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Editor Interview: Setu

Q: Describe what you publish in 25 characters or less.

A: Life-affirming content.

Q: What other current publications (or publishers) do you admire most?

A: Spillwords.
Muse India.
Confluence: south Asian perspectives.
The Statesman.
Scarlet Leaf Review.
Queen Mob's Teahouse.
The Blue Nib.
Every Day Poems.
Dissident Voice.
Cafe Dissensus.
Cold Noon.

Q: If you publish writing, who are your favorite writers? If you publish art, who are your favorite artists?

A: Rob Harle.
Scott Thomas Outlar.
Kelli J Gavin.
Padmaja Iyengar-Paddy
Gopal Lahiri.
J.S. Sarangi.
Abu Siddik.
Subash Chandra.
Rana Pratap Gill.
K.S. Mani Mani.
B.S. Tyagi.
Sanjeev Sethi.

Q: What sets your publication apart from others that publish similar material?

A: The bilingual journal (Hindi, English) ensures a welcoming home for the serious writings from across the world without sounding snooty, elitist or bit patronizing. The aim is to include liberal-democratic voices; promote pluralism and diversity in a divided world of politics.
Try to involve some of the happening authors as guest editors as well.
And publish many good returning authors without sacrificing quality.

Q: What is the best advice you can give people who are considering submitting work to your publication?

A: ---Please carefully read the guidelines.
Non-compliance leads to summary rejection.
---Send error-free, print-ready, wholesome content.
---Well-crafted pieces get an edge.
---Language-flow important.
---Fiction must be well delivered.

Q: Describe the ideal submission.

A: ---The one conforming to the guidelines and vision of the journal.
---One providing epiphanies most preferred.
---Form-content dialectics, must.
---Narcissism---big No.
---Social conscience---big Yes.

Q: What do submitters most often get wrong about your submissions process?

A: Many, in hurry, ignore guidelines.
Improper formatting.
The indifference to guiding framework does not impress the edit team.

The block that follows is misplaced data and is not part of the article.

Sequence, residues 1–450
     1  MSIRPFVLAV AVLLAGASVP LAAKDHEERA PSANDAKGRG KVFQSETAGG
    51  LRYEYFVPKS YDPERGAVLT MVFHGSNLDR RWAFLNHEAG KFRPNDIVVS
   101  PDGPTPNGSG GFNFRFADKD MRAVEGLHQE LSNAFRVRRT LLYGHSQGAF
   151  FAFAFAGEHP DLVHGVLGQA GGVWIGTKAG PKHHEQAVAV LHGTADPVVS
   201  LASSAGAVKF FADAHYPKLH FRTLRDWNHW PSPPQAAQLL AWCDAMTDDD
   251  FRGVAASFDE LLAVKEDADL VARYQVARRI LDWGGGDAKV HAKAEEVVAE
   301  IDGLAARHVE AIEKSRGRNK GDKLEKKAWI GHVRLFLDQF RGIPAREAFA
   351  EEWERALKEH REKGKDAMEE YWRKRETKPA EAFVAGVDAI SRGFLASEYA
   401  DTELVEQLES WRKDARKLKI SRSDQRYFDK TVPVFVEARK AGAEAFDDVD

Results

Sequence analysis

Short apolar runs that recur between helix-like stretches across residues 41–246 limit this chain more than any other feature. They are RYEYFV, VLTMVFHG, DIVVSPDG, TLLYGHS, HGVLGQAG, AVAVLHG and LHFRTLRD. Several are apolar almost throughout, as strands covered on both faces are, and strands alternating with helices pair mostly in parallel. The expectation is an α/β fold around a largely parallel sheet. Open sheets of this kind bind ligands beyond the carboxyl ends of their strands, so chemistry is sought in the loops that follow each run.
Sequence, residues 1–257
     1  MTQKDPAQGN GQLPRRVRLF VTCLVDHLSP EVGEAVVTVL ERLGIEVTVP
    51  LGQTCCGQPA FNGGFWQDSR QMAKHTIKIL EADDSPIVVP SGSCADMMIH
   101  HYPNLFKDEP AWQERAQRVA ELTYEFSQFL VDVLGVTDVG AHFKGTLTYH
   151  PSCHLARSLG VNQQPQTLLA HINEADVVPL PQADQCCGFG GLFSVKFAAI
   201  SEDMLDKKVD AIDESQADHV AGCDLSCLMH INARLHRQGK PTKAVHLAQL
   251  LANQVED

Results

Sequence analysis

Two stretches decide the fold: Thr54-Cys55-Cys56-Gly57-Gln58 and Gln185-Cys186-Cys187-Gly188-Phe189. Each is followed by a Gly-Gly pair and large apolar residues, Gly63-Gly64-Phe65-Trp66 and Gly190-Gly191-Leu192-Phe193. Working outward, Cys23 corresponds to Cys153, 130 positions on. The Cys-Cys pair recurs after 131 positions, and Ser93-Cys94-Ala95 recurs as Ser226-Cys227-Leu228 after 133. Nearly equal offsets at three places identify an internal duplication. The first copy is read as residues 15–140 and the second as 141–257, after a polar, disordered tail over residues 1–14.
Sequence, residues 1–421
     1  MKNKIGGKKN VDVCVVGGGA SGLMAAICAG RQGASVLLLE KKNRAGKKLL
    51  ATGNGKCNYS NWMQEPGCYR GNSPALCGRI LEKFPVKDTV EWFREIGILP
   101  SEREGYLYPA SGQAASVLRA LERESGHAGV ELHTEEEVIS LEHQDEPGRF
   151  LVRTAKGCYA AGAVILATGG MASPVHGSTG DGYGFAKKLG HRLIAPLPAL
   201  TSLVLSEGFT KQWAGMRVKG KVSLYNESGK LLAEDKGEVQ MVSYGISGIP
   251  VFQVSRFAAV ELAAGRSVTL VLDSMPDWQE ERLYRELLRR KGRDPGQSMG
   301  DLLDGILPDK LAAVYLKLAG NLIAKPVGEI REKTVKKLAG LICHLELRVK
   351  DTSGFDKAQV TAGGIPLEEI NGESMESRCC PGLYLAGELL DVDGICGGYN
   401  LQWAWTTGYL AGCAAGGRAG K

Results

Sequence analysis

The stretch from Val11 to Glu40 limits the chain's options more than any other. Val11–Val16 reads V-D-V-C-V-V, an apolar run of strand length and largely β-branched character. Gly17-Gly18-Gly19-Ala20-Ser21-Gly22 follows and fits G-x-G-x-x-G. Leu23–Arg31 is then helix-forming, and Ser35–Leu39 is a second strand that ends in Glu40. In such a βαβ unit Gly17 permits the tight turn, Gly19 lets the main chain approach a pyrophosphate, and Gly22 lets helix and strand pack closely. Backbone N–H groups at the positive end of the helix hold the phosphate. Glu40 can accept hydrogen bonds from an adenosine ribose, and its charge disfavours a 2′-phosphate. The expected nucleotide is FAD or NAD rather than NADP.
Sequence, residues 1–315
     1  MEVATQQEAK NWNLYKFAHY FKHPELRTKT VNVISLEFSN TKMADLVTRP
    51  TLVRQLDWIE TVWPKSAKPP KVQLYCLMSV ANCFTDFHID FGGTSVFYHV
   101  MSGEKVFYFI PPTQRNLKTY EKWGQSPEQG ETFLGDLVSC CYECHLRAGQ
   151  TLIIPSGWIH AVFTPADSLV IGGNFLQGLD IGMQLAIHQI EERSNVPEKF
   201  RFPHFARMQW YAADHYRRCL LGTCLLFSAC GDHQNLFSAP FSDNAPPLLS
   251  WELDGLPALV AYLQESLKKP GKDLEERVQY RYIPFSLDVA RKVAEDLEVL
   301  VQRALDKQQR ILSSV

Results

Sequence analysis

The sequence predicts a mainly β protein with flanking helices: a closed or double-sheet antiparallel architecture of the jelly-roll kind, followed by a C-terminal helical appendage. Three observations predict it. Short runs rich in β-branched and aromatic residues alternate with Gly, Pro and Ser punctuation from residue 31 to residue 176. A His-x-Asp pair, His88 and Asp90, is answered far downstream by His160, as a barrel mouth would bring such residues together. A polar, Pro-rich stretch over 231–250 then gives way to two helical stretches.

They must respect the rules of engagement, like true professionals.

Q: How much do you want to know about the person submitting to you?

A: A brief account enough---not the intros that are longer than their submissions!
For us, current content should speak for itself, not the previous credits.

Q: If you publish writing, how much of a piece do you read before making the decision to reject it?

A: In entirety.
Many pieces might begin bit late but pick up speed mid-way.
And vice versa.
Good start, then losing steam.
So, in totality, we evaluate.

Q: What additional evaluations, if any, does a piece go through before it is accepted?

A: Peer review by editors.
In case of some perceptional difference, the same is referred to the editor-in-chief and one senior-most editor, for their views.
Once consensus reached, it is approved for publication.

Q: What is a day in the life of an editor like for you?

A: The reading is done in the evenings, as most are working professionals, employed in varied sectors of economies of their respective countries.
We do this as a service.
Sundays for mutual edit consultations.

Q: How important do you feel it is for publishers to embrace modern technologies?

A: It is already happening---and very liberating and democratic, modern technologies.
We cannot return to the Stone Age and must remain connected and networked in the digital world. No other option than a wide embracing of such technologies and social media in order to make a deeper penetration and wider outreach to the targeted audiences in the cyberspace.

Q: How much do you edit an accepted piece prior to publication?

A: Minor edits, in some cases---with approval from their authors.

Q: Do you nominate work you've published for any national or international awards?

A: We plan to do that soon.